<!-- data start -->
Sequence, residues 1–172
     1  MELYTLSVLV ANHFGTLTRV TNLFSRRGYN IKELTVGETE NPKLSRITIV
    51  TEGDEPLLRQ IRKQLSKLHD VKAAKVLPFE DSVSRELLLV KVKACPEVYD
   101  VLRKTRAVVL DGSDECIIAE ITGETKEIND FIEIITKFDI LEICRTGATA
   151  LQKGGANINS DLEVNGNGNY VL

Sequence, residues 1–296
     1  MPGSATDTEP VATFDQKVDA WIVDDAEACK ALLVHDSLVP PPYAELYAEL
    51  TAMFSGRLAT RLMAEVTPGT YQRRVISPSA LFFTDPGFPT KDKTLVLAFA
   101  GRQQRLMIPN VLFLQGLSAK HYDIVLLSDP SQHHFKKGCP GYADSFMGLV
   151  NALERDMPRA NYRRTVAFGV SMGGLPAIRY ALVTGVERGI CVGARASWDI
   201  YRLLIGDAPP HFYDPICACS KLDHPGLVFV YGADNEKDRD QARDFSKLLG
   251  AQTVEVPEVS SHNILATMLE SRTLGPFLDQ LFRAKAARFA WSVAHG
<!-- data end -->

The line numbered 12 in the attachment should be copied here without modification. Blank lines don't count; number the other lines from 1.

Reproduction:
   251  AQTVEVPEVS SHNILATMLE SRTLGPFLDQ LFRAKAARFA WSVAHG